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Peta calls James Gunn’s Guardians of the Galaxy Vol 3 ‘an animal rights masterpiece’

Animal rights group Peta presented director James Gunn with the Not a Number Award for his depictions of “the cruelty of animal testing” in the film. Guardians of the Galaxy Episode 3.

* Warning – small vandals ahead for Guardians of the Galaxy Episode 3*

In the third installment of the Marvel series (released May 5), viewers are shown a flashback of Rocket – the anthropomorphic panda voiced by Bradley Cooper – being tortured by the High Evolutionary (Chukwudi Iwuji).

The film’s villain performed extensive medical procedures on Rocket to transform him into a powerful, sentient weapon.

When Nebula (Karen Gillan) watches the recordings of Rocket’s past, she says they’re worse than any torture Thanos put her through.

“Through Rocket, James Gunn has given a face, a name, and a personality to the millions of vulnerable animals that are being rotated through laboratories as we speak,” said Senior Vice President. of Peta Lisa Lange said in a statement shared Monday (May 8).

“Peta named it the best animal rights film of the year for helping audiences see animals as separate individuals and suggesting that just because we Maybe testing on them doesn’t mean we should.”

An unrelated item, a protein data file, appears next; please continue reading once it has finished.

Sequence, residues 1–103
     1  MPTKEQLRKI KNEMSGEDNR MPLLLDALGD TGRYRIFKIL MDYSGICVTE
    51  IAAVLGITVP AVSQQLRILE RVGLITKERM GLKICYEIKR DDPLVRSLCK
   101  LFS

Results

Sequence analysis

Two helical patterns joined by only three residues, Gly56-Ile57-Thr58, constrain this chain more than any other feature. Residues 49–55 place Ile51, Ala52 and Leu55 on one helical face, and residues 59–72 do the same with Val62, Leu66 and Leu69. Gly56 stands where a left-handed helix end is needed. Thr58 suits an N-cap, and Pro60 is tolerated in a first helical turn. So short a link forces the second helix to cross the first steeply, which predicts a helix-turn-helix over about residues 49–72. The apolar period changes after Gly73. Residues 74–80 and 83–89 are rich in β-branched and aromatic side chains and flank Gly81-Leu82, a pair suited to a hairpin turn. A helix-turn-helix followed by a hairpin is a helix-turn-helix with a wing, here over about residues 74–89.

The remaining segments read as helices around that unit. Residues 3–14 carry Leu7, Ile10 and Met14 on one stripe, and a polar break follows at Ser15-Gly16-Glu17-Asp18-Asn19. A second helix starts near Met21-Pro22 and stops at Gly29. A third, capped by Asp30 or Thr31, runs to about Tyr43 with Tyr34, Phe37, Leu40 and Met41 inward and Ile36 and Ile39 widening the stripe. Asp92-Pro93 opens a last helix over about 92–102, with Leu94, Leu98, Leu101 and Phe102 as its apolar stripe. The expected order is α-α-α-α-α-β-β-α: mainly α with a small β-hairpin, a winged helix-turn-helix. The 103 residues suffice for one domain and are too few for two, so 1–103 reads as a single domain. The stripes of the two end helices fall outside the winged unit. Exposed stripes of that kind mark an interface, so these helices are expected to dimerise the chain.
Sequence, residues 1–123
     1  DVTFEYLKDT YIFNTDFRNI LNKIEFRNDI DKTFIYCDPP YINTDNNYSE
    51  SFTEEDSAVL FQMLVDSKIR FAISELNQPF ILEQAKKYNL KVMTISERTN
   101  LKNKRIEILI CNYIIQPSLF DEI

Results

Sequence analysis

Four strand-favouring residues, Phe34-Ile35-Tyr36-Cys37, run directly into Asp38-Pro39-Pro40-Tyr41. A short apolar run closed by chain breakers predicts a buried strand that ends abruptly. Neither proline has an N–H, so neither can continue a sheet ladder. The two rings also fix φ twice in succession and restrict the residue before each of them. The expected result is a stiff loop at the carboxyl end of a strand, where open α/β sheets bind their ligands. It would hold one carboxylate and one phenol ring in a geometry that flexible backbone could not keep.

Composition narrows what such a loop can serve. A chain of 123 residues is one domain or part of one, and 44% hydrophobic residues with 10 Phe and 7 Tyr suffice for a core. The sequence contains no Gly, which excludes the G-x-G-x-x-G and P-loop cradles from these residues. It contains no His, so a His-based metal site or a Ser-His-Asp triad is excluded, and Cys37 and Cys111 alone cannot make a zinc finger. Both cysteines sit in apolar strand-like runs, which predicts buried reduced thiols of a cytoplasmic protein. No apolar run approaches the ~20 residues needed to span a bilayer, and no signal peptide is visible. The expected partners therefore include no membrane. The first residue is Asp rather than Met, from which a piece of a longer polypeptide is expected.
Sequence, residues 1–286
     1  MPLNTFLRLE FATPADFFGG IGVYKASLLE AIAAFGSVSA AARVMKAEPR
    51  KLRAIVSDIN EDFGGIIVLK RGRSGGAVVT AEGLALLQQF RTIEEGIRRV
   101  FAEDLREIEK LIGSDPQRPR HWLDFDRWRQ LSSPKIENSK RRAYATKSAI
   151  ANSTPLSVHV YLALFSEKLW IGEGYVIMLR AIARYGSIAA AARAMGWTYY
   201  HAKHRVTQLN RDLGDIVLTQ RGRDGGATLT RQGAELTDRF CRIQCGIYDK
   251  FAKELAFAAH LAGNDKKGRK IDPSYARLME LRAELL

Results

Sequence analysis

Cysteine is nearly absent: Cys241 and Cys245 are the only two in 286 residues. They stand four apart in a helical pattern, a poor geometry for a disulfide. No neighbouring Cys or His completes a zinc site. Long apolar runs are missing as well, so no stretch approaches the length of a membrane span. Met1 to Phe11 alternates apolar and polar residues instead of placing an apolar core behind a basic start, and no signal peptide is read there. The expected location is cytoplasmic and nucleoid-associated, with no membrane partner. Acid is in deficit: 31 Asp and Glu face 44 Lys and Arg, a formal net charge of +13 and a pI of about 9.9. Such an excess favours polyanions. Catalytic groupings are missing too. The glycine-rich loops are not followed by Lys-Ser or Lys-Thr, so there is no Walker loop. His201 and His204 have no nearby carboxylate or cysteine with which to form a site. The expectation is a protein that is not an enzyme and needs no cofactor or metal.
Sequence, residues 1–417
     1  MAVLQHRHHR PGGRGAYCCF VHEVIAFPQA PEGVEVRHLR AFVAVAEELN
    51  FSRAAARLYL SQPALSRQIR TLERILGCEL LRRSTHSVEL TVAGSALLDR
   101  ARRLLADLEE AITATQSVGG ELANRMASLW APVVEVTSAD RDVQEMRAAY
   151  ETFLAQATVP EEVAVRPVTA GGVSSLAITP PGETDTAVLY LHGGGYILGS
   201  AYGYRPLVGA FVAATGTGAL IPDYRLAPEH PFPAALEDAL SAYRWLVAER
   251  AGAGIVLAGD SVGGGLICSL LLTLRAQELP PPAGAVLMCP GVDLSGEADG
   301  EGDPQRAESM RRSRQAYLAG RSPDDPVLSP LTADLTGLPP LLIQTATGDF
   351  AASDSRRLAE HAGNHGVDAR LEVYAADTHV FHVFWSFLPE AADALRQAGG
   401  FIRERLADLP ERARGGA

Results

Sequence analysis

Rocket in ‘Guardians of the Galaxy Vol 3’ and James Gunn

(Image by Disney/Getty)

independence Have reached out to a Gunn rep for comment.

In the release, calling the film an “animal rights masterpiece”, Peta alleges that “like Rocket’s friends Lylla, Teefs and Floor, most of the animals are used in the lab. were all killed after suffering a lifetime of suffering.”

The organization recently condemned Rings of Power after a horse died on set Lord of the Rings spin-off.

An Amazon Studios spokesperson shared that the horse died of cardiac arrest. “It seems that living underground with Orcs is obvious to the makers Rings of Powerbecause they have the option to use CGI, mechanical devices and other humane methods,” Lange said in a statement at the time.

“Peta is calling on the show’s creators – and all the other producers – to take on a new mission without using any real horses.

“If they can’t avoid exploiting animals for their art, then they should find a new medium, because no one wants to see a TV spin-off with a theme of torment.”


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